Effects of a six week beginner pilates exercise programme on transversus abdominis thickness in low back pain subjects
Author: Spurdle, Anastasia
Link to this item using this URL: http://hdl.handle.net/10652/3698
PURPOSE Transversus abdominis has been shown to be dysfunctional in low back pain patients. Specific exercises involving contraction of core muscles of the spine have been shown to be effective in treating low back pain. Although it is widely claimed that pilates exercise develops the core muscles surrounding the spine, including transversus abdominis, there is little research to support this. OBJECTIVE To investigate the effect of a pilates exercise programme on transversus abdominis thickness in subjects with a history of low back pain. To investigate the reliability of ultrasound measurement of transversus abdominis thickness. STUDY DESIGN Test retest design, with subjects recruited via convenience sampling. METHOD Intra-tester reliability was investigated by measuring transversus abdominis thickness with B-mode ultrasound in eight subjects with a history of low back pain on two separate days. A further twenty-two subjects were recruited for a six week pilates matwork exercise programme with measurements of transversus abdominis thickness taken pre and post intervention. RESULTS The intra-tester reliability was found to be high in supine lying for transversus abdominis measurements taken one week apart (ICC = 0.92, 95% CI 0.60 to 0.99). There was a large and varied effect of the pilates intervention on the change in thickness of transversus abdominis (effect size = 1.27, CI -2.7 to 5.5). History of respiratory dysfunction was found to be very highly correlated with a decrease in transversus abdominis thickness measured at the end of expiration (r=0.7, CI 0.3 to 0.9). SUMMARY The ultrasound methodology was found to be reliable in measuring transversus abdominis thickness. It is not known why there was a wide variation observed in terms of magnitude and direction of change of transversus abdominis thickness after the pilates intervention. It is thought that changes in transversus abdominis thickness measured by ultrasound at the end of expiration (functional residual capacity) were related to respiratory function status. This relationship may have been modified by the six week beginner pilates exercise programme in subjects with a history of respiratory dysfunction. It is postulated that this relationship changed by reducing the contraction of transversus abdominis at the end of expiration. No definitive conclusions can be made, however, due to the small sample size in this preliminary study.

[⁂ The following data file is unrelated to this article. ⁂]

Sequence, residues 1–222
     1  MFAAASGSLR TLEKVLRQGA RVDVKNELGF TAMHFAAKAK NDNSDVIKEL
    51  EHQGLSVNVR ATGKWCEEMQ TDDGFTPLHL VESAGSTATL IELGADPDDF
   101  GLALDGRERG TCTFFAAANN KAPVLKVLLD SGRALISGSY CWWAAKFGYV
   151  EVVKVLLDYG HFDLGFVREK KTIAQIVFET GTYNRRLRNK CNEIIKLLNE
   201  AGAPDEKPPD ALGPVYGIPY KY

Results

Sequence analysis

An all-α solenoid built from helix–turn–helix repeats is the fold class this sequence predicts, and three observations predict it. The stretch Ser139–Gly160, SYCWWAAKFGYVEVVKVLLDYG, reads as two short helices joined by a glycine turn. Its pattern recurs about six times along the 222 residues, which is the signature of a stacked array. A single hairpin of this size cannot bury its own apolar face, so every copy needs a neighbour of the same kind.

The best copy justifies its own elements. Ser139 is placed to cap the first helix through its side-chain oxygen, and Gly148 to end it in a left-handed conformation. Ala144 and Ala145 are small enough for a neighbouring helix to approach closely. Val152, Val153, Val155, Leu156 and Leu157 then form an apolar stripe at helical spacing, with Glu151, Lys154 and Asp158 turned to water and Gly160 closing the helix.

Subjects: low back pain, transverse abdominal muscle (TVA), Pilates, exercise therapy, 110499 Complementary and Alternative Medicine not elsewhere classified